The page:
NEW BRUNSWICK, NJ - In a state straining under high property taxes, the average residential property tax bite in the city has dropped $700 following a revaluation, but the news was not good for everybody.
Taxes for residences went from an average of $6,870 per property in 2016 to $6,164 in 2017, according to figures from the state Department of Community Affairs.
City officials say about 2,500 property owners saw their tax bill go down, but another 1,500 owners saw their bill increase. About 1,000 owners saw little or no change through the revaluation.
Average residential property values more than doubled, according to the state, going from $117,136 in 2016, to $271,166 in 2017, the year after the revaluation.
This was the first revaluation in New Brunswick in 26 years, with the last assessment of property values done in 1990 and put in effect in 1991.
City officials spent 10 years considering and planning the latest revaluation, starting in 2006, and it was done after New Brunswick had “third-party professionals” complete market research, said city spokeswoman Jennifer Bradshaw. The effort was delayed, in part, because the 2008 recession resulted in foreclosure and property sales.
“The purpose of the revaluation was to fairly distribute the necessary tax burden among all property owners based upon the true value of their property,” Bradshaw said.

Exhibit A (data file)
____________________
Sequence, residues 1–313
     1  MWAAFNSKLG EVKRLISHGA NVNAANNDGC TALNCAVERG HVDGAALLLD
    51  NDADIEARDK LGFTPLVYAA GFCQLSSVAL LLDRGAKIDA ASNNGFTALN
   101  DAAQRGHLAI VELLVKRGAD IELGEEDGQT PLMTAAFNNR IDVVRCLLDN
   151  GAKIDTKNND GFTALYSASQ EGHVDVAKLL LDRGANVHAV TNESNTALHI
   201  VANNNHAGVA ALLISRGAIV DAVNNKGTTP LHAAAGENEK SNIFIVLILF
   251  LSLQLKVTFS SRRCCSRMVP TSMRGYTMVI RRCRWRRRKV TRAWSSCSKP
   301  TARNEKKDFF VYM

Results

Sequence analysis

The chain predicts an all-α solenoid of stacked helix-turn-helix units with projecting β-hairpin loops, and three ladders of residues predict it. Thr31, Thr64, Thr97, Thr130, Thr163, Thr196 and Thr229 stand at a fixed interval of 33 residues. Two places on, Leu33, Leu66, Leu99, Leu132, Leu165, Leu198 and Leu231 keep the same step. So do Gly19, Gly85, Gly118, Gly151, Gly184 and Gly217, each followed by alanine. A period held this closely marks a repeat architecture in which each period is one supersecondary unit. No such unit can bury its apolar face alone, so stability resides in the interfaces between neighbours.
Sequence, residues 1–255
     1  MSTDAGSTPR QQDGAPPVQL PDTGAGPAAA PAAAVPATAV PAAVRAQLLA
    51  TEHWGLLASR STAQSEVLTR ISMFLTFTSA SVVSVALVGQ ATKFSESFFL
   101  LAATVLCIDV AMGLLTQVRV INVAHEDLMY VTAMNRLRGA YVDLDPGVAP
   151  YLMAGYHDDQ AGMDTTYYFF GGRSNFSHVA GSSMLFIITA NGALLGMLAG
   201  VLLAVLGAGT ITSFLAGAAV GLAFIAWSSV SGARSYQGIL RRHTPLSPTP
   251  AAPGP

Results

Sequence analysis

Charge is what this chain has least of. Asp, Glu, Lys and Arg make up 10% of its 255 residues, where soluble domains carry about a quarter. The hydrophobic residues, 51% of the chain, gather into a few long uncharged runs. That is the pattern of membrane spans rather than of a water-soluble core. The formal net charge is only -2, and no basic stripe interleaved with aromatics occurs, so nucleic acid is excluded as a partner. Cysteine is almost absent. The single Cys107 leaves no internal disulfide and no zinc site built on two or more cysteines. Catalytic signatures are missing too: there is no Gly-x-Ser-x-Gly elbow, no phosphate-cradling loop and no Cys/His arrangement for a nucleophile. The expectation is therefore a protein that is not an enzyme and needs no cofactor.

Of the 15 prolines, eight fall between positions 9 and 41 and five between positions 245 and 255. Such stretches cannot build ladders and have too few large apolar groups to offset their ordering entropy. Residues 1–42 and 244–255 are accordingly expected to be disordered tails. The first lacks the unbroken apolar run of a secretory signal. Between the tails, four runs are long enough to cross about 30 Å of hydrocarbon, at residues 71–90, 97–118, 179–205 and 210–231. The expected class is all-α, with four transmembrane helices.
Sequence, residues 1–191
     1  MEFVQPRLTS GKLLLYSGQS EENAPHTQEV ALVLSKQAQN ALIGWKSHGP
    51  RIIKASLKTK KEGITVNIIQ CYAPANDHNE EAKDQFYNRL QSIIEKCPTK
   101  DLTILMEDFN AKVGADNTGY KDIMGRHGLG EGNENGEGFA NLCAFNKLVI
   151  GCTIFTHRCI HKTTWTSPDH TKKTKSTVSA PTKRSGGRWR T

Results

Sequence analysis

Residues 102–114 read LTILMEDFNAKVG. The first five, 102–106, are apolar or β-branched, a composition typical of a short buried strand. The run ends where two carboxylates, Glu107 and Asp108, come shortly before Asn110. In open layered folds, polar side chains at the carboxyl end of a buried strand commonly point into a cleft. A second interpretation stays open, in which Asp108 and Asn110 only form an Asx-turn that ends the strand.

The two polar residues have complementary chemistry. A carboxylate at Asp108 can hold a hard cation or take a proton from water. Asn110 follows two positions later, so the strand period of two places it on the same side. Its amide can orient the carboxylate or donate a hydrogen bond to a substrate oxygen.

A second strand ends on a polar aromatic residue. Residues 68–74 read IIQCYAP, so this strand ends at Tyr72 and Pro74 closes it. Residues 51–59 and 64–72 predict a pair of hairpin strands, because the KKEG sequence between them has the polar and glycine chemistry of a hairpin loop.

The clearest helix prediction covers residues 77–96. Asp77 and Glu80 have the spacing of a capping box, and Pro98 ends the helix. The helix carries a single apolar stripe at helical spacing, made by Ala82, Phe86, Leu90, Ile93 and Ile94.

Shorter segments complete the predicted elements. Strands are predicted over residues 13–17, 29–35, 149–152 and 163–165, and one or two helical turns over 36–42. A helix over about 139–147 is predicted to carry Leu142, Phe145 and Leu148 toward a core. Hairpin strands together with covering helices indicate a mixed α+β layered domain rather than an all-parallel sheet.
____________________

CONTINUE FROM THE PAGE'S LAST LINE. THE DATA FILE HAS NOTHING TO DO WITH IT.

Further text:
“We took great care to ensure that our residents were as informed as possible by sending bilingual mailers out multiple times to all homes, and posting information and updates on our website,” she said.
Homeowners, she said, had opportunities to appeal the valuations.
The bill for municipal taxes dropped from $2,976 in 2016 to $2,703 last year, according to state figures. School dropped from $2,7733 to $2,402 and county taxes went from $1,161 to $1,059.
The value off all taxable property in the city jumped from $1.26 billion in 2016 to $3.38 billion this year, according to city figures.
However, this is only a portion of the city's total value. New Brunswick has large properties that are exempt from taxes, including Rutgers University and two hospitals, among other properties.
The total property value in the city is now $7.47 billion, up from $2.87 billion in 2016, because of the revaluation.
At a recent ceremony for the expansion of Robert Wood Johnson University Hospital, Mayor James Cahill said that while many municipalities view hospitals solely as tax-exempt businesses, he views them as opportunities to boost the local economy.